IZU, Japan: When coach Frenchman Benoit Vetu began working for the Japanese Cycling Federation five years ago his brief was simple - deliver a medal in keirin at the Tokyo Olympics.
That ambition edged closer to reality on Saturday (Aug 7) when Japanese riders Yudai Nitta and Yuta Wakimoto both won their heats to move into the quarter-finals.
Their powerful rides produced the loudest cheers heard at the Izu Velodrome, where a 50 per cent capacity attendance is allowed, and should either win gold on the final day of competition on Sunday the roof might just come off.
The reason is simple.
Keirin, in which riders are paced around a track by a motorised derny for three laps to 50kmh before a sprint to the finish after three more laps, is part of the fabric of Japanese society - a 362.6 billion yen (US$3.29 billion) gambling industry.
Nitta and Wakimoto have put their professional keirin careers, and the huge salaries that come with it, on hold to chase Olympic gold - a feat that would elevate their profiles into the stratosphere.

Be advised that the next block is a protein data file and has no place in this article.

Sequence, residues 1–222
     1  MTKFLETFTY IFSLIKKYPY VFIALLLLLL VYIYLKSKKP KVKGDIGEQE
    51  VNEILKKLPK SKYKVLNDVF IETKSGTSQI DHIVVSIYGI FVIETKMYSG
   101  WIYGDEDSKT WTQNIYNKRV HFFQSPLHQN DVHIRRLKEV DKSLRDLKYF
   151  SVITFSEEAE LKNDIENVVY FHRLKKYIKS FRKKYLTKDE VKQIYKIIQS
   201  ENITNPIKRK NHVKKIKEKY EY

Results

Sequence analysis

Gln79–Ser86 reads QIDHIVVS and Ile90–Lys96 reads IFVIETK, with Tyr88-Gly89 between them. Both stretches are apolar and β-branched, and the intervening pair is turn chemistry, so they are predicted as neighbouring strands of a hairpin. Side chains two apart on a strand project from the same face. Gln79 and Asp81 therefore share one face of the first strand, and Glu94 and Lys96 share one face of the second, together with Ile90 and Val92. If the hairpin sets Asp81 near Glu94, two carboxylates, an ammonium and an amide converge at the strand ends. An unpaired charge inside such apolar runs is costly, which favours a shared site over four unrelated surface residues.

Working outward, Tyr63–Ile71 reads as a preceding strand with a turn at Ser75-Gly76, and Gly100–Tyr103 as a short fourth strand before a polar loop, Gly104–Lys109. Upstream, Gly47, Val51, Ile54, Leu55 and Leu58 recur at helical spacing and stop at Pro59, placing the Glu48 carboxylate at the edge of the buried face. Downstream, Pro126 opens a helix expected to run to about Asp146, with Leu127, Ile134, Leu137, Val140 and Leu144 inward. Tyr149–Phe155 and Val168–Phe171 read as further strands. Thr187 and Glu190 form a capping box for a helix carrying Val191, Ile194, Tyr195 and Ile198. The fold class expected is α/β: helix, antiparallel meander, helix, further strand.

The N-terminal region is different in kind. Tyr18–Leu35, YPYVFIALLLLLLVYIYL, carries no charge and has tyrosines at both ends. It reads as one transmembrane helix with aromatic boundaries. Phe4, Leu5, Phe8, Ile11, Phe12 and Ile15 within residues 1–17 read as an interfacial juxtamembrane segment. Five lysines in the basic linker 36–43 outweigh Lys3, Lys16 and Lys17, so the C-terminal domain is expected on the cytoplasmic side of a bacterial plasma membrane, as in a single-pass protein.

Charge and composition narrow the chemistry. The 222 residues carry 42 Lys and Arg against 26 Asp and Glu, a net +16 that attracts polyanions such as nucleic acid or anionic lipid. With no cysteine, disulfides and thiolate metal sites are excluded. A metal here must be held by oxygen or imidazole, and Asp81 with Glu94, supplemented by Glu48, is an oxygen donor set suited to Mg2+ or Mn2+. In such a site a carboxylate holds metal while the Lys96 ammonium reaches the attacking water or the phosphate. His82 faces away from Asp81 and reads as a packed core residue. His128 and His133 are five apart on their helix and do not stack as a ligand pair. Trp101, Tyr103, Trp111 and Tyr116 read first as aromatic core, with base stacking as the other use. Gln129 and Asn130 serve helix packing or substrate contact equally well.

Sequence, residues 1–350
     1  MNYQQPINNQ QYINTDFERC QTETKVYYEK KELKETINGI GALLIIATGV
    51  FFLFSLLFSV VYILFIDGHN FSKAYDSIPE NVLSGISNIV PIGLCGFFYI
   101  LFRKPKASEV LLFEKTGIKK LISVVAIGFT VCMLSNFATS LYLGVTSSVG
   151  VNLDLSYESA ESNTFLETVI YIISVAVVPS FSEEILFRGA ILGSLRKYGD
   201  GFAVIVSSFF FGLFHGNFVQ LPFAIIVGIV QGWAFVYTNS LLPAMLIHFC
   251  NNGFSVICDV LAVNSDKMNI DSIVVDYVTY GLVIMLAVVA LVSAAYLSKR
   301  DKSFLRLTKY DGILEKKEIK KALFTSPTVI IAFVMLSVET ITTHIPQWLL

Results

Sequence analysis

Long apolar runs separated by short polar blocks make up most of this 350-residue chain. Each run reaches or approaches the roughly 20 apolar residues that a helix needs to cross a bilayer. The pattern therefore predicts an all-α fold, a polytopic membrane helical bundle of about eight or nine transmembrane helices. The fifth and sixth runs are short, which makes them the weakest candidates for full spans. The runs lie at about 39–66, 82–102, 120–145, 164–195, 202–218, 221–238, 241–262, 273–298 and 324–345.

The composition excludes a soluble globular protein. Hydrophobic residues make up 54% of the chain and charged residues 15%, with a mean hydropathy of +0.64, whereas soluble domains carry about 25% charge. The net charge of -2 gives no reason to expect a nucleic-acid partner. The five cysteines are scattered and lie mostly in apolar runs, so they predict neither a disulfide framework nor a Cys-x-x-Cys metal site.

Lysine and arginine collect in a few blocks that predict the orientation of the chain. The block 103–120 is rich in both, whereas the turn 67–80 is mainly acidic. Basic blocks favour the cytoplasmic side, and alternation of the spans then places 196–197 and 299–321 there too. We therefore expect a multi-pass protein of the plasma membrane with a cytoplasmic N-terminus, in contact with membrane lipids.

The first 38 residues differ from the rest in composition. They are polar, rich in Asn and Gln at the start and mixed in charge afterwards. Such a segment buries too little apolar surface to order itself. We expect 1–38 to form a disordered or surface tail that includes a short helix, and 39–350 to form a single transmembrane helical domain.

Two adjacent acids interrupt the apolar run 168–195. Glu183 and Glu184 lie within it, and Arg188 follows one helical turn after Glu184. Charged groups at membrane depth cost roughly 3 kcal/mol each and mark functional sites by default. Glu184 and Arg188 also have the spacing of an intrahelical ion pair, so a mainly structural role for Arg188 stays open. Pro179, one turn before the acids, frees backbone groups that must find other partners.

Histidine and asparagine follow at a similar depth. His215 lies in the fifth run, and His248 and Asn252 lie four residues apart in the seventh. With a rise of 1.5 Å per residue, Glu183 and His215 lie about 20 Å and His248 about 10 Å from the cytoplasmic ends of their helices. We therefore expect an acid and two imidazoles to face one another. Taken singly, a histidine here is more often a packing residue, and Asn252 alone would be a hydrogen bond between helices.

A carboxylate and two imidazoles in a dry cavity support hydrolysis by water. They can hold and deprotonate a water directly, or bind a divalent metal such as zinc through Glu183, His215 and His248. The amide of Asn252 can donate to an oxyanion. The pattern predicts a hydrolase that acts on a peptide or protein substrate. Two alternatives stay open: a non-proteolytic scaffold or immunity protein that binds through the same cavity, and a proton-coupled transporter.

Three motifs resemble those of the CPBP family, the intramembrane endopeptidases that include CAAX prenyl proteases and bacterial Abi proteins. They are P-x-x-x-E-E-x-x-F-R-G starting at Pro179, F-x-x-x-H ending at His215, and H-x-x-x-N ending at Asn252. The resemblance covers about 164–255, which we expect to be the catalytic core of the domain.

Tasked with making that a reality is 47-year-old Vetu.
"We've been for five years, every day we come to this velodrome for this moment," Vetu told a large group of reporters, mostly Japanese, on Saturday.
"So we have no choice we have to be ready and we have to be good. And if I want to still have a job after the Olympics we have to win the medal.
"That was the main goal when I came to Japan. I had to see where we could be most competitive and where the best chance of a medal was and it had to be keirin."
Nitta and Wakimoto will have to beat some of the best sprinters in the world on Sunday if they are to reach the podium, including reigning champion Jason Kenny of Britain.
"The real fight starts tomorrow," said Vetu.
"They are both 10 years professional racers but they have put their careers apart for five years and lost a lot of money, made a lot of sacrifices. That's why I love this team."